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Build Your Influence, Build Your Business

Lesson 13 of 27

How to Profile Your "Mark" - Part 1

Shari Alexander

Build Your Influence, Build Your Business

Shari Alexander

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Lesson Info

13. How to Profile Your "Mark" - Part 1

Lesson Info

How to Profile Your "Mark" - Part 1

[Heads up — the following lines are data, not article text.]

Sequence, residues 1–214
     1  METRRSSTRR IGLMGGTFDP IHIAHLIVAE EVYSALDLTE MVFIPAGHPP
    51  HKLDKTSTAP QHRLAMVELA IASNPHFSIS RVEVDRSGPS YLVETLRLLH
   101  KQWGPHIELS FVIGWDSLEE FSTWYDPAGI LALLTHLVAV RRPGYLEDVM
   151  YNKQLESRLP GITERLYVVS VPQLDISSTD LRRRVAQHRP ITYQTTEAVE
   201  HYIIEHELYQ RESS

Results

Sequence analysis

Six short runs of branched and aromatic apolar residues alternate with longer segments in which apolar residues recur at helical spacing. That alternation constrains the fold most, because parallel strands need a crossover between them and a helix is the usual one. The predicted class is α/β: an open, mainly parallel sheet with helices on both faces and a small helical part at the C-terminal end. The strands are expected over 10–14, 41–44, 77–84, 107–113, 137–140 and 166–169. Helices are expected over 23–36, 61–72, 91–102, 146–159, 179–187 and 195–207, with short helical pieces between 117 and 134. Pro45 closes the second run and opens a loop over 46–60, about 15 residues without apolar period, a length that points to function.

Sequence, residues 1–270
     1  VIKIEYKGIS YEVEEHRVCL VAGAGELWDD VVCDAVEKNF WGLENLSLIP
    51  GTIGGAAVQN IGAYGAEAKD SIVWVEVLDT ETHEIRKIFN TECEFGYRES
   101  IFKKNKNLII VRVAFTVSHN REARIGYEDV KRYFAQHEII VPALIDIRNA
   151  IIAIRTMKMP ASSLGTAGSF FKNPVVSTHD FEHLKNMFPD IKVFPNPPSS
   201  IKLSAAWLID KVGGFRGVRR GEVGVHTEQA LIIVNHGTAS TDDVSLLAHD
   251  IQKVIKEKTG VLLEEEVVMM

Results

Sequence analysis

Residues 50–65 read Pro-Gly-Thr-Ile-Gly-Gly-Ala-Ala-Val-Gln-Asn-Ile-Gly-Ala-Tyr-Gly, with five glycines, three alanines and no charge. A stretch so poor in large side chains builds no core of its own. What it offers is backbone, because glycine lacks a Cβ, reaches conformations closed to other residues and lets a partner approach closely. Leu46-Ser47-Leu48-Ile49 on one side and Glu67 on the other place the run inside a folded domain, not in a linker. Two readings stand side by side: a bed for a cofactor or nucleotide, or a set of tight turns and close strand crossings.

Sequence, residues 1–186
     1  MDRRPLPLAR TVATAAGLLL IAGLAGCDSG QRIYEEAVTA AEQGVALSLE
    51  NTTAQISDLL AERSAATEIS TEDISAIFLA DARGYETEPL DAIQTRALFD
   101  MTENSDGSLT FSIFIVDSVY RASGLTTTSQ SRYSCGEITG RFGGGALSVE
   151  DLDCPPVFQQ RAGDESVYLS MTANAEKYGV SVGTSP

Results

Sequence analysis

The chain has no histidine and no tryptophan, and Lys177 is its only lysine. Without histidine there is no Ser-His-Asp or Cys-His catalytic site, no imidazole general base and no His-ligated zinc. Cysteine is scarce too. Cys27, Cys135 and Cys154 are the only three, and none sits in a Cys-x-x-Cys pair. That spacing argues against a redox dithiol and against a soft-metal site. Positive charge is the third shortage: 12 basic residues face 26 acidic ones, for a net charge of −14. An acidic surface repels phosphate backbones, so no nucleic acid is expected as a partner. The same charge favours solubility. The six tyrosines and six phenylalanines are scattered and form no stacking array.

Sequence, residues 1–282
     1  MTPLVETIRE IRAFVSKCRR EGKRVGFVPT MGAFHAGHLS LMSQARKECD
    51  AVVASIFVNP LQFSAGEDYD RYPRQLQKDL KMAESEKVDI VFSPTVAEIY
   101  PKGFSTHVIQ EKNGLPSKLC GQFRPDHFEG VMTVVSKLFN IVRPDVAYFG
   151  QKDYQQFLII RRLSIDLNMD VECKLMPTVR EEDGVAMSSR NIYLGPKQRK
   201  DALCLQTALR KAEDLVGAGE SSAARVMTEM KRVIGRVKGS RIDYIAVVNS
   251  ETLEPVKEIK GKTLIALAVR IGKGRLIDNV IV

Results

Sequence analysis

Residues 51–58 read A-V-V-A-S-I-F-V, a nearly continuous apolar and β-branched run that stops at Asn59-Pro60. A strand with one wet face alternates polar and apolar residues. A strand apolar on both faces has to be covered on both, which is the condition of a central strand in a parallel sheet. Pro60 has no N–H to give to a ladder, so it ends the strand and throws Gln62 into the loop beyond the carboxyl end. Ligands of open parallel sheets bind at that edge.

We have talked a lot about what to look for and what to listen for, and then we started to connect the dots on those influential hooks, and how we can start incorporating what we've observed into our influential presentation, and back up those intentions. Right now, we're going to go through a very content-rich part of this segment, so get ready to take notes. You have your field guide, then you have this information in front of you, so these slides are going to be kind of text-heavy. I apologize for that, but there's just no getting around it, so get ready. Okay, so as I mentioned before, the cold profiling, the whole purpose of profiling really came from studying a lot with the CIA agents that I have interviewed, and I was interested to discover that they use the Myers-Briggs type of personality type profiling, and they have to do it all through observation. Now, clearly, the CIA has different ways of observing their mark. Some legal, some not so legal. But it's through interactions ...